What will it take for low-income individuals to cross over the digital divide?

By: Courtney Lyles, PhD

In 2017, the city and county of San Francisco made the news by launching their vision for municipal fiber for all residents. And this was an important step for closing the digital divide, given that current commercial broadband options in SF were deemed outdated, not expansive enough, and too expensive. I believe this approach to creating a comprehensive grid of connectivity will be a model for many other local governments to emulate, and we can’t move forward on many fronts without this step. But I also am left feeling like it might not be enough.

Over the past few years, I have worked on understanding how to encourage diverse patients at ZSFG to use existing health technologies, such as online portals to access their medical records and commercial mobile apps to manage their chronic conditions. And I have learned a lot, especially within the context of healthcare systems and related to the wide variation in current Internet use patterns among our patients despite similar socioeconomic status. But I have also been fortunate to meet digital literacy experts outside of the traditional healthcare settings, including leaders from local government, public and medical libraries, community-based organizations serving older individuals and those with disabilities, and educators specializing in adult learning strategies through groups like the SF Tech Council and the National Digital Inclusion Alliance.

Through these multi-sectoral discussions, I have learned tremendously about the complex intersection of ideas/issues related to digital literacy. It is clear that the meaningful use of technology in any individual’s life is built upon three essential factors: a) Internet connectivity (especially at home), b) device ownership, and c) interest and skills. And it seems to me there isn’t enough thoughtful coordination between these interconnected factors to make rapid and profound progress in closing the digital divide.

Obviously the decision for municipal fiber could greatly impact Internet uptake for vulnerable SF residents, especially if it is offered at a subsided price for low-income residents. There are also federal/state programs that offer low-cost devices (usually affordable Android smartphones with some lower cost data packages) as a part of the longstanding Lifeline program, as well as businesses that have already agreed to offer home Internet connectivity at lower prices, such as Comcast’s Internet Essentials program for broadband at $10/month for low-income and senior populations. Similarly, public libraries and community/senior centers continue to provide free and publicly available support for underserved individuals, which includes digital literacy skill-building in some cases.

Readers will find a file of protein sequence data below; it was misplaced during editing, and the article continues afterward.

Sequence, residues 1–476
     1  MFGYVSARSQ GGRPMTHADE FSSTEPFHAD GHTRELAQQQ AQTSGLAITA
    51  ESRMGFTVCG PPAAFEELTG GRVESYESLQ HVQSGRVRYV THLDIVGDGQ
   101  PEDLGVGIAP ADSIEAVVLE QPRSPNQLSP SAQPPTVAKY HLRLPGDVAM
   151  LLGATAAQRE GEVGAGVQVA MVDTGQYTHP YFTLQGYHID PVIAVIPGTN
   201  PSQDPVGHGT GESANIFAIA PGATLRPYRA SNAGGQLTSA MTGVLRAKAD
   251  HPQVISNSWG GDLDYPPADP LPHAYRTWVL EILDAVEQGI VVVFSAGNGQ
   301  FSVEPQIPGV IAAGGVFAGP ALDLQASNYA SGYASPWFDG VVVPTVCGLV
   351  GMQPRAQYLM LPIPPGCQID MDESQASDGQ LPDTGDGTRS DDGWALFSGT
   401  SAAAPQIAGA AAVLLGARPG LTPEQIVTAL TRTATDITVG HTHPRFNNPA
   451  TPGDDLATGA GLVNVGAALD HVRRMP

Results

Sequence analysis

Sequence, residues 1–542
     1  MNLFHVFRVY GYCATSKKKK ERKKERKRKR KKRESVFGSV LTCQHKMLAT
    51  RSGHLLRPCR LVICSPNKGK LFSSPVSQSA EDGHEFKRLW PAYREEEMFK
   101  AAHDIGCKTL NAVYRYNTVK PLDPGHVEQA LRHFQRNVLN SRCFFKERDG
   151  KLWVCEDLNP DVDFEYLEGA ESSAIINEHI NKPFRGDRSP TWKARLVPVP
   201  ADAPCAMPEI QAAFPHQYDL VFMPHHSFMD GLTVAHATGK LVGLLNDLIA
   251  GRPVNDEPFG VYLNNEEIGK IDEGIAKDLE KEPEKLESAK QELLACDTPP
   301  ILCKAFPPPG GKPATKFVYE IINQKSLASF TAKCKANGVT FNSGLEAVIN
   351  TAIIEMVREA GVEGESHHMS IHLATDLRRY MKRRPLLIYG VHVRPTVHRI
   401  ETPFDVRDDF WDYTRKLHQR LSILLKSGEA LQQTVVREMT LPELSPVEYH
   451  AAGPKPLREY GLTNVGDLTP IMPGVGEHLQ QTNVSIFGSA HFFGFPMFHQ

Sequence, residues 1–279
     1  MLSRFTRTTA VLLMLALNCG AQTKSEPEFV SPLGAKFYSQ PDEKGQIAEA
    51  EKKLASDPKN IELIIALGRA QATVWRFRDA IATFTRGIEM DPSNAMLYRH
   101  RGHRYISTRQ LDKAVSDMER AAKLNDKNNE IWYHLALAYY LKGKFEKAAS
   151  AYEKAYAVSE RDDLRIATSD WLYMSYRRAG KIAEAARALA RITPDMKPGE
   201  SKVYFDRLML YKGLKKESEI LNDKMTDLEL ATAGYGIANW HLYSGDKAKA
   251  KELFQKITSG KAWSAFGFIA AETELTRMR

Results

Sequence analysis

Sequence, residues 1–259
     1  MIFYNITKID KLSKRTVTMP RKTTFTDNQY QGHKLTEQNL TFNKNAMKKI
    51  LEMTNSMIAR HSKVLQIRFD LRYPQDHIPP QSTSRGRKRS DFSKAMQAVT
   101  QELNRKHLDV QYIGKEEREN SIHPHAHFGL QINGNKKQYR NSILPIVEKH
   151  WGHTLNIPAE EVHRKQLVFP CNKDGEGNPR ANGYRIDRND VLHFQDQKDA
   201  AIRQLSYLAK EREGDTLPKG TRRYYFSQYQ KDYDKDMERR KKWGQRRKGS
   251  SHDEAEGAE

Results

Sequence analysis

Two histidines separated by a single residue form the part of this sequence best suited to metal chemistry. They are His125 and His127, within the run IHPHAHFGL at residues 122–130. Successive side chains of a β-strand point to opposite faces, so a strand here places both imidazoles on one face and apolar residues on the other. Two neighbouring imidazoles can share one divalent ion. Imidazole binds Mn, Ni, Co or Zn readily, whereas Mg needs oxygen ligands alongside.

Yet Internet connectivity tends to get the most attention within the discussion about the digital divide. For example, the decision for municipal fiber in San Francisco was largely driven by a survey estimate that more than 100,000 residents currently lack Internet connectivity at home, and connectivity is often assumed as the major driving factor. But these survey data aren’t sufficient to tease apart the nuances between Internet connectivity, device ownership, and digital literacy skills. Similarly, the overall lack of attention on digital skill-building is somewhat confirmed by the under-utilization of existing low-cost programs for device ownership and Internet connectivity, not to mention generally cumbersome enrollment processes as well as a lack of effective marketing strategies to reach eligible individuals. So in order for municipal fiber to be truly successful, the leaders in SF should therefore ensure that their program explicitly addresses a) device/hardware ownership (including computers/tablets but also hardware such as Wifi routers) and b) broad scale awareness-building and in-depth technical assistance and training to help more individuals get online. In particular, the woefully under-resourced programs for Internet training and digital literacy support need more attention, as the existing non-profits and libraries are generally not able to provide the longitudinal and personalized support needed to build all the essential skills personalized to each learner.

The national trends in Internet use demonstrate a persistent digital divide, especially among low-income individuals. I am very excited by the plans for municipal fiber in SF, and I believe this is the moment to call for a greater investment in digital skill-building at the same time.